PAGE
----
Synthetic memory plays key role in transmitting traumatic brain injury

Neuroscientists at the University of Birmingham have made a discovery key to understanding the communication between neurons in the brain that prevents PTSD from developing into serious psychological distress.

The group from the Universitys Neuroscience Institute published new research pointing to the crucial role played by a sensory-processing region of the brain called the somatosensory cortex.

The small brain area in the middle of the brain is vital for individuals to manage both normal and pathological fear responses. When the process is impaired the threat of danger remains.

The central neurons of the somatosensory cortex receive inputs from a corpus callosum an area located approximately 2. 5 centimeters beyond the top of the head. This is the network that uses spatial and somatic cues in order to translate sensory information into brain-like thought.

When this important layer is damaged by exposure to traumatic brain injury neuroscientists believe the information transfer to the somatosensory cortex is lost creating a situation where patterns of sound only become a part of the stimuli that trigger the feeling of fear when the brainstem senses danger.

The impact on the somatosensory cortex can have devastating effects on PTSD patients. Our results have gone beyond much research to show that the impairment of this region means that fear responses are conditioned with a startling degree of accuracy. Trauma-induced changes to the somatosensory cortex are relevant to how people interact emotionally in positive and negative environments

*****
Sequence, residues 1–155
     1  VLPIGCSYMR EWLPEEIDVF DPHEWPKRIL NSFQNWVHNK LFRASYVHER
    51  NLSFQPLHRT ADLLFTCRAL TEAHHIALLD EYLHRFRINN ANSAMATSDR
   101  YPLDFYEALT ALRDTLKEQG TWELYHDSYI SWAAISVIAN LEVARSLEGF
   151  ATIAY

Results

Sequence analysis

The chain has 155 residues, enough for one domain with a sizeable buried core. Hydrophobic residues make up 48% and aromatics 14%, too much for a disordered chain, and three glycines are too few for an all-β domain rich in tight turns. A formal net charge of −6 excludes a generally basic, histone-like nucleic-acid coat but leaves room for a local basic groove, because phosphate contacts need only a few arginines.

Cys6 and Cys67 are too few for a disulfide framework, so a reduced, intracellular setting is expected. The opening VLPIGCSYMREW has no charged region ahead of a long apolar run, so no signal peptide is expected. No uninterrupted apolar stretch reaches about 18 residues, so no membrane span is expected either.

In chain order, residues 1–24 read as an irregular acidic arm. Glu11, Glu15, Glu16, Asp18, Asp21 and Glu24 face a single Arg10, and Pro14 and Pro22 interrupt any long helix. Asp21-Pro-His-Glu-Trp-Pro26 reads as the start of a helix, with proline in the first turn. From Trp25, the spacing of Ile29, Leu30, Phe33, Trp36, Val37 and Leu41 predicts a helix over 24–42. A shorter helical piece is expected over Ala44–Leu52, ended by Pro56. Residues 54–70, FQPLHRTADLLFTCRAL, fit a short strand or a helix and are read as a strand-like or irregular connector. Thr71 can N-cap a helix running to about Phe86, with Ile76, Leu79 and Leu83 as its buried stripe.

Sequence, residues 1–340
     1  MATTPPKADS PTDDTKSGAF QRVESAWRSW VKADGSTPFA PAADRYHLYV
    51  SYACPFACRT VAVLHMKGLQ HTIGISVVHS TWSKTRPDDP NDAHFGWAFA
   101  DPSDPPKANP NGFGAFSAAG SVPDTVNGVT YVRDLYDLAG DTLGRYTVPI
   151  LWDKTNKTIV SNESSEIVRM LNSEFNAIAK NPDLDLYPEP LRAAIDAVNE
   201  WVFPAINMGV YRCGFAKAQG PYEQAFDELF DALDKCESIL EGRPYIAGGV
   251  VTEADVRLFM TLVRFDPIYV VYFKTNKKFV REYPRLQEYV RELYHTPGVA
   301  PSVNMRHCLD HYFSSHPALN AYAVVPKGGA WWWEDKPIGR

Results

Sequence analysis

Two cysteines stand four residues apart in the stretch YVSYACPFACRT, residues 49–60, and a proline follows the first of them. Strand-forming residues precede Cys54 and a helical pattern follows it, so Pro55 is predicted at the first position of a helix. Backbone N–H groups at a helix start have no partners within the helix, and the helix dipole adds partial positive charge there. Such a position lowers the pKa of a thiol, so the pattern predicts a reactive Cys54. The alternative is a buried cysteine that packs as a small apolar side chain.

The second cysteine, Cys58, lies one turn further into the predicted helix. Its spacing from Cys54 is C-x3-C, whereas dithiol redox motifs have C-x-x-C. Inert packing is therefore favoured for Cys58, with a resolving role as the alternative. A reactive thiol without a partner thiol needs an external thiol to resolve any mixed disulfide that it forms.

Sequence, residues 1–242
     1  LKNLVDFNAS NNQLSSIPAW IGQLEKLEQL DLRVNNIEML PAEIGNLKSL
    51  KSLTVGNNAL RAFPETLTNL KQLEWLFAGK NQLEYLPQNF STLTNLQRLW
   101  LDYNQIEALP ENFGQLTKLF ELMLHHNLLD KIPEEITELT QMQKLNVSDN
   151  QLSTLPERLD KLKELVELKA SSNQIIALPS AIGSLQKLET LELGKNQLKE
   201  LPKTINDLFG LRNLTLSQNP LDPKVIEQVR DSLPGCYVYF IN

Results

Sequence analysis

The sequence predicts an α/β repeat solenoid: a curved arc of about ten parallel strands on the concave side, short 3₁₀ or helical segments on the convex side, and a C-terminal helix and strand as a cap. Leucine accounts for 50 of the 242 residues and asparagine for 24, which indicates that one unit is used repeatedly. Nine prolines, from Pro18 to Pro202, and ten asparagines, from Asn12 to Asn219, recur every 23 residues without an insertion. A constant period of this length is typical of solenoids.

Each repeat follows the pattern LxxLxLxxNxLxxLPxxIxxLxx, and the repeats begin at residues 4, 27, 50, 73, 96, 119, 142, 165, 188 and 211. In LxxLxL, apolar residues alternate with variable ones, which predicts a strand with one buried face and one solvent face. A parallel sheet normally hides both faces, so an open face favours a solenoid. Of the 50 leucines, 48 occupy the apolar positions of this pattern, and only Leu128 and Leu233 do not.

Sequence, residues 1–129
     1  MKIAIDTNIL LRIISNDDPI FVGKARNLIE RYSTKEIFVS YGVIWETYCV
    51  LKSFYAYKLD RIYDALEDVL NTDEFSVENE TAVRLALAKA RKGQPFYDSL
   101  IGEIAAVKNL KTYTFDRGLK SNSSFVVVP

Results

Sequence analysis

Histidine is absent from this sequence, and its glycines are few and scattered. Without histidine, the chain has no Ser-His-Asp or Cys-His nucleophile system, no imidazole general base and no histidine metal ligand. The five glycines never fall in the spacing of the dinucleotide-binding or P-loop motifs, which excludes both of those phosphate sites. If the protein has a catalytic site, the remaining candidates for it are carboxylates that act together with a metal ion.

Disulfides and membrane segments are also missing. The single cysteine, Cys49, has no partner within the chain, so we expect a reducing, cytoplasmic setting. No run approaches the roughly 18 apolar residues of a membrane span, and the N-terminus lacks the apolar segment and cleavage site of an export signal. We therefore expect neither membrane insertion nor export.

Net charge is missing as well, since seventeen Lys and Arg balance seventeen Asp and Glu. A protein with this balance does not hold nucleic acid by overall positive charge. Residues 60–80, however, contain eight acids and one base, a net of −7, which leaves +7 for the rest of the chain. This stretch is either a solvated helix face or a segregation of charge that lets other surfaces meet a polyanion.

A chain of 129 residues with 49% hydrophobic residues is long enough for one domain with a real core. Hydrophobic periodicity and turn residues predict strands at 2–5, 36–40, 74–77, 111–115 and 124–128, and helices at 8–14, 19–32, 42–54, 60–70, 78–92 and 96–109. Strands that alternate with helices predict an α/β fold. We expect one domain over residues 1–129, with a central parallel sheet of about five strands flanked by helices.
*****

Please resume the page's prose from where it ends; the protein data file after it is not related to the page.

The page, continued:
Paul Anderson Professor of Neurobiology and Psychology University of Birmingham.

Dr Anderson who is also Director of the Universitys Neuroscience Institute and senior author of a paper published in Evolution Cognition Behavior suggesting that the sensory effects of traumatic brain injury are as important for PTSD as the levels of caring and the general feeling of helplessness that typically accompany injury.

He said:

A piece of machinery that enables our brains to process our emotions is damaged in neurodegenerative disorders. The role of sensory information processing in the brain is complex and extends beyond the brains specialized cognitive area with the potential for sensory changes to affect how we experience the world especially in our everyday lives.

Understanding which sensory factors are enhanced by injury becomes important and it will become even more crucial as we design treatments that act on the underlying mechanisms or sense that are senses necessary for reduction in this behavioural motivation for a safe and fulfilling world. My lab was the first to show how a provoking experience like watching a fear film or even being directly involved in this kind of negative situation can make us really want to experience it

APC Bio:

A major breakthrough has been made in the study of the brain processes that underlie the memory processes that transmit trauma to the somatosensory cortex (the area of the brain for touch appearance and emotion) focusing on the centrally located nerve fibers that are triggered first by injury and then by chronic psychiatric stress. This research has been funded by EUs Nondiscrimination for All project and the University is now one of the first institutions to integrate the projects potential outcomes into its research design and assessment of trauma medical units.